Thus, the in line particle size analyzer of the present invention for a dust- and/or mist-containing gas comprises, in an embodiment:

(a) a gas flow line having a suction nozzle;

(b) a revolvable turret built in the gas flow line mounting a plurality of particle size classifying units, each unit consisting of a gas-ejection nozzle and an impaction plate positioned to face the gas-ejecting opening of the gas-ejection nozzle keeping a distance, arranged at equal distances from the axis of the revolvable turret in such a fashion that, when the revolvable turret is revolved, the gas-inlet opening of each of the gas ejection nozzles is successively communicated with the outlet of the suction nozzle of the gas flow line, the gas-ejection opening of each of the gas-ejection nozzles having a different diameter from the others; and

(c) a light scattering particle-concentration sensor unit built downstream of the revolvable turret as the component (b) in the gas flow line comprising a light projector to project light to the gas flowing in the gas flow line and a light detector to detect the light from the light projector after being scattered by the particles contained in the flowing gas.

The in-line particle size analyzer of the present invention for a dust- and/or mist-containing gas in another embodiment comprises, in addition to the above described components (a), (b) and (c):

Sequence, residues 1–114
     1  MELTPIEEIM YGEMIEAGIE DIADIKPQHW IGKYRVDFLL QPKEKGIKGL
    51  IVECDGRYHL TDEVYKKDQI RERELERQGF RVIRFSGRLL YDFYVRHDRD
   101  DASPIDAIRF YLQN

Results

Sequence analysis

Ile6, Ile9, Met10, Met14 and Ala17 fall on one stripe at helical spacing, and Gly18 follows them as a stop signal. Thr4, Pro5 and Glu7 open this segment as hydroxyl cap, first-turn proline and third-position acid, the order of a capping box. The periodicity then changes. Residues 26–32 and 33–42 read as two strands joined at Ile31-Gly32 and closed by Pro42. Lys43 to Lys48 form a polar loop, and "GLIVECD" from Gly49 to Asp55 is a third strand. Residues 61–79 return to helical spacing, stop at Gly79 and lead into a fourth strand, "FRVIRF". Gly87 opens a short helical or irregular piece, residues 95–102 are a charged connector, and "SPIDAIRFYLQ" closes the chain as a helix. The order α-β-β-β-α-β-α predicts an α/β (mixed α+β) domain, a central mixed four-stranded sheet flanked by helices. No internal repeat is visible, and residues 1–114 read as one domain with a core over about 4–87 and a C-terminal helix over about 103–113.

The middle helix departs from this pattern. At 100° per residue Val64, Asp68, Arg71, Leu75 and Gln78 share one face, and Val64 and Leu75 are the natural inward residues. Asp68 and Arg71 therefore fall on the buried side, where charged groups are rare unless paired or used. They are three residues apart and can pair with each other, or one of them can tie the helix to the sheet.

(d) a means for heating the gas flowing in the gas flow line positioned downstream of the component (c) to evaporate the liquid constituent in the particles; and

(e) a second light-scattering particle-concentration sensor unit built downstream of the heating means as the component (d) in the gas flow line comprising a second light projector to project light to the gas flowing in the gas flow line and a second light detector to detect the light from the second light projector after being scattered by the particles contained in the flowing gas.

BRIEF DESCRIPTION OF THE DRAWING

FIG. 1 is a schematic cross sectional view of the inventive particle size analyzer having a single light-scattering particle-concentration sensor unit.

FIG. 2 is a schematic cross sectional view of the inventive particle size analyzer having two light-scattering particle concentration sensor units with a heating means therebetween.

DETAILED DESCRIPTION OF THE PREFERRED EMBODIMENTS

As is described above, the most characteristic feature of the inventive particle size analyzer for a dust- and/or mist-containing gas consists in the combined use of a series of particle-size classifying units mounted on a revolvable turret and a light-scattering particle-concentration sensor unit positioned in the gas flow line downstream of the particle-size classifying units, although the structure of a single particle-size classifying unit is known from the disclosure in, for example, Japanese Patent Kokai 59-151036 and 60-15542 relative to a cascade impactor and the principle of the light-scattering particle-concentration sensor unit is known from the disclosure in, for example, Japanese Patent Kokai 56-76032 and Japanese Patent Publication 59-25968. By virtue of this unique feature, the inventive particle size analyzer can be built in a flow line of a dust- and/or mist-containing gas and provides a means to continuously monitor and give information on the particle size distribution in the gas coming out of any dust- and/or mist-producing process.

In the following, the inventive particle size analyzer for a dust- and/or mist-containing gas is described in more detail with reference to the accompanying drawing.